It is time once again for us to solicit nominations for the Al Copeland Humanitarian Award. The criteria of the Al Copeland Humanitarian Award can be summarized by quoting our original blog post in which we sang the praises of Al Copeland and all that he did for humanity:
“Al Copeland may not have done the most to benefit humanity, but he certainly did more than many people who receive such awards. Chicago gave Bill Ayers their Citizen of the Year award in 1997. And the Nobel Peace Prize has too often gone to a motley crew including unrepentant terrorist, Yassir Arafat, and fictional autobiography writer, Rigoberta Menchu. Local humanitarian awards tend to go to hack politicians or community activists. From all these award recipients you might think that a humanitarian was someone who stopped throwing bombs… or who you hoped would picket, tax, regulate, or imprison someone else.
Al Copeland never threatened to bomb, picket, tax, regulate, or imprison anyone. By that standard alone he would be much more of a humanitarian. But Al Copeland did even more — he gave us spicy chicken.”
Last year’s winner of “The Al” was George P. Mitchell, a pioneer in the use of fracking to obtain more, cheap and clean natural gas. As I wrote last year about why Mitchell won:
George P. Mitchell didn’t even invent the techniques that he commercialized to extract significantly more natural gas. Mitchell’s efforts didn’t just reduce carbon emissions by making clean energy plentiful, as Matt documents in his nomination. Mitchell demonstrated how improving the human condition, including improving the environment, is more likely to come from individual freedom and capitalism than from government coercion.
Yes, Mitchell was richly rewarded financially for his accomplishments, but we’ve already established that making money in no way undermines one’s case for having improved the human condition.
In 2011 “The Al” went to Earle Haas, the inventor of the modern tampon. Thanks to Anna for nominating him and recognizing that advances in equal opportunity for women had as much or more to do with entrepreneurs than government mandates. Haas beat his fellow nominees: Charles Montesquieu, the political philosopher, David Einhorn, the short-seller, and Steve Wynn, the casino mogul.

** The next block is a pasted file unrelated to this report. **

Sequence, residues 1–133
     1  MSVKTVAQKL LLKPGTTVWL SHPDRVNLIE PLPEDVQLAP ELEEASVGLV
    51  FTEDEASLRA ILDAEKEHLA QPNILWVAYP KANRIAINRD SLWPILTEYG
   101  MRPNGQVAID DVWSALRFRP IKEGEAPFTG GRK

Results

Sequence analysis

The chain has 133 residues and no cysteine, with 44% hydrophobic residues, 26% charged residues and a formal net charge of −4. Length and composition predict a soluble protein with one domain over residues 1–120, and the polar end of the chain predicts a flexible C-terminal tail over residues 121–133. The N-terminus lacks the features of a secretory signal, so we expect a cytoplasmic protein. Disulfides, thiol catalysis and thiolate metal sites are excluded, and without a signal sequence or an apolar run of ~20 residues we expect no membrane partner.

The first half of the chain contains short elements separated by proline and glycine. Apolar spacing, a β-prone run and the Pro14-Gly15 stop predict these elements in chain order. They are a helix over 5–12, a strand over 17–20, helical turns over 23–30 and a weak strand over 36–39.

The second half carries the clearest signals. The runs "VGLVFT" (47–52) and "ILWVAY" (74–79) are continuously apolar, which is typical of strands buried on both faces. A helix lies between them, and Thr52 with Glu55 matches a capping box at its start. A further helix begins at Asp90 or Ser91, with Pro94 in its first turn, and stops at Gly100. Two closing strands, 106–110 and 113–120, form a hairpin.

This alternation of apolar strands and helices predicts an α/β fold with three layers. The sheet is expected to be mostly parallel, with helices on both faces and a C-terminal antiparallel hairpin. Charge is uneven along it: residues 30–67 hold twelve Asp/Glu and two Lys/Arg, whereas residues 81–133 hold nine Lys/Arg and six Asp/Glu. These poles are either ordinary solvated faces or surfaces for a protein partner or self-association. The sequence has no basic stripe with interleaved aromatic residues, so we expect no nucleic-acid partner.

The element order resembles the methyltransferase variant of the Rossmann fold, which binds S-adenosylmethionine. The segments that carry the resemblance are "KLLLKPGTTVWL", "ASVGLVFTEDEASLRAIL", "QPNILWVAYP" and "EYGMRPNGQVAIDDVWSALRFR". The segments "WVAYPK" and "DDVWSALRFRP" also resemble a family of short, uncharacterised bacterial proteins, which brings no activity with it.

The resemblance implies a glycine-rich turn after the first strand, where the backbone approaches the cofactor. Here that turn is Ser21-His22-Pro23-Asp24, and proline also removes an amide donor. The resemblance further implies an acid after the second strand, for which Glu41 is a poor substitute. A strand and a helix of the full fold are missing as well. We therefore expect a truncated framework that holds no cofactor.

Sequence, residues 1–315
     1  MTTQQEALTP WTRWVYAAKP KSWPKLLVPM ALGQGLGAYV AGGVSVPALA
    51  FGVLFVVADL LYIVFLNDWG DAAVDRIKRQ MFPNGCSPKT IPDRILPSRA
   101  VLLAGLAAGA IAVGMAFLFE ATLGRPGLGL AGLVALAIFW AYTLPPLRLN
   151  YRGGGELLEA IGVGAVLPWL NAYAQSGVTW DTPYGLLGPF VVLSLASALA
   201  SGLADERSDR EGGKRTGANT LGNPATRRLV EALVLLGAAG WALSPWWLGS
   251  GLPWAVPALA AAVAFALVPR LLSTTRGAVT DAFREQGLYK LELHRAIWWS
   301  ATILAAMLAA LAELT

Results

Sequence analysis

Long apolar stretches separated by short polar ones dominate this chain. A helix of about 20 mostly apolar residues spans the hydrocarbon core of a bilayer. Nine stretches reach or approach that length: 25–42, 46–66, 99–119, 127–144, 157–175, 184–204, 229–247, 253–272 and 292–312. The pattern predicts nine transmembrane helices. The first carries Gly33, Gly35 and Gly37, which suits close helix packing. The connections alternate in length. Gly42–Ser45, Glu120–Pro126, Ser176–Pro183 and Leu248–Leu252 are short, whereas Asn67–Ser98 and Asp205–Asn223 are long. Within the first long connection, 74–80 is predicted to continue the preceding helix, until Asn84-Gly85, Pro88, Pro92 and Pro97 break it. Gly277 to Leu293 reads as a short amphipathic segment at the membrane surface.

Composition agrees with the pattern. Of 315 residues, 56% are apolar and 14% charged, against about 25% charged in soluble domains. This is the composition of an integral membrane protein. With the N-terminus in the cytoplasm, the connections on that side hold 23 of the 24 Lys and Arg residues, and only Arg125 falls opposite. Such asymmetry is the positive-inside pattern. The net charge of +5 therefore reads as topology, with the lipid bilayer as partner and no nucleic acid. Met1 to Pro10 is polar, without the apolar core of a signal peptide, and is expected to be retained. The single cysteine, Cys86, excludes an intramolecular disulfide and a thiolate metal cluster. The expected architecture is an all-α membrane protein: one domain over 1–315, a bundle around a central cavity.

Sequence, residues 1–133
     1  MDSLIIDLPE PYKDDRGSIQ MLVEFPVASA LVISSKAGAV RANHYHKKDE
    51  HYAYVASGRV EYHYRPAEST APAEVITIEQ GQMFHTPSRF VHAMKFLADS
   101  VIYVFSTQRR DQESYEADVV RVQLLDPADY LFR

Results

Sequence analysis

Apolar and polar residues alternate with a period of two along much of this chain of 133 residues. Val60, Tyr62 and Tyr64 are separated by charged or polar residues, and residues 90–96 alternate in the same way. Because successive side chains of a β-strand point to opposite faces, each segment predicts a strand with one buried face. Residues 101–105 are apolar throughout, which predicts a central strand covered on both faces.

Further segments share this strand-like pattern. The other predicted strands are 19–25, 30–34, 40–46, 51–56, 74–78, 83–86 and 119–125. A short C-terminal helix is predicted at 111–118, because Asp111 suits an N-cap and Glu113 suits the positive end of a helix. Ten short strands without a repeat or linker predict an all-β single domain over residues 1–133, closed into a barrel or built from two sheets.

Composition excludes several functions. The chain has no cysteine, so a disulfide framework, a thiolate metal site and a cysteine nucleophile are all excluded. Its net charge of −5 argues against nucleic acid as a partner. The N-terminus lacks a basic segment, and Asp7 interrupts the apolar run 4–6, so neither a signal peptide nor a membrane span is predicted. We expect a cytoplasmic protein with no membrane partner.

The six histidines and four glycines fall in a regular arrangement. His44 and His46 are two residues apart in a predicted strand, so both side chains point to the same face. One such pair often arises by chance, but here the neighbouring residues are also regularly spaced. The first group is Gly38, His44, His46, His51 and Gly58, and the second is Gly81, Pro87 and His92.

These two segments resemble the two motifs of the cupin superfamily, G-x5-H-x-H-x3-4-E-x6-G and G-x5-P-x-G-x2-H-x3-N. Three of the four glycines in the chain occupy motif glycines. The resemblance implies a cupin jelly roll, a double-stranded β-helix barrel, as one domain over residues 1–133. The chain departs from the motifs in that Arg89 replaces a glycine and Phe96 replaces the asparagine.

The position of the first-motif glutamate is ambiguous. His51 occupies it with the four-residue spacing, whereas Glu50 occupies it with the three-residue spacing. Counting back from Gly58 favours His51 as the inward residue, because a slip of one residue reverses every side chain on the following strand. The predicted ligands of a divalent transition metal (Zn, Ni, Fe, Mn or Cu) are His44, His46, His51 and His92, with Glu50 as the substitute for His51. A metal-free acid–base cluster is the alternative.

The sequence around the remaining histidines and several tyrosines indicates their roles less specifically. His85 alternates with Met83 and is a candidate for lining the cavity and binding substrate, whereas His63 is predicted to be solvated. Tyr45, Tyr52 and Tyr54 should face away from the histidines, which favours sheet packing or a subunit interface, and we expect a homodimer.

The 2010 winner of “The Al” was Wim Nottroth, the man who resisted Rotterdam police efforts to destroy a mural that read “Thou Shall Not Kill” following the murder of Theo van Gogh by an Islamic extremist. He beat out The Most Interesting Man in the World, the fictional spokesman for Dos Equis and model of masculine virtue, Stan Honey, the inventor of the yellow first down line in TV football broadcasts, Herbert Dow, the founder of Dow Chemical and subverter of a German chemicals cartel, and Marion Donovan and Victor Mills, the developers of the disposable diaper.
And the 2009 winner of “The Al” was Debrilla M. Ratchford, who significantly improved the human condition by inventing the rollerbag. She beat out Steve Henson, who gave us ranch dressing, Fasi Zaka, who ridiculed the Taliban, Ralph Teetor, who invented cruise control, and Mary Quant, who popularized the miniskirt.
Nominations can be submitted by emailing a draft of a blog post advocating for your nominee. If I like it, I will post it with your name attached. Remember that the basic criteria is that we are looking for someone who significantly improved the human condition even if they made a profit in doing so. Helping yourself does not nullify helping others. And, like Al Copeland, nominees need not be perfect or widely recognized people.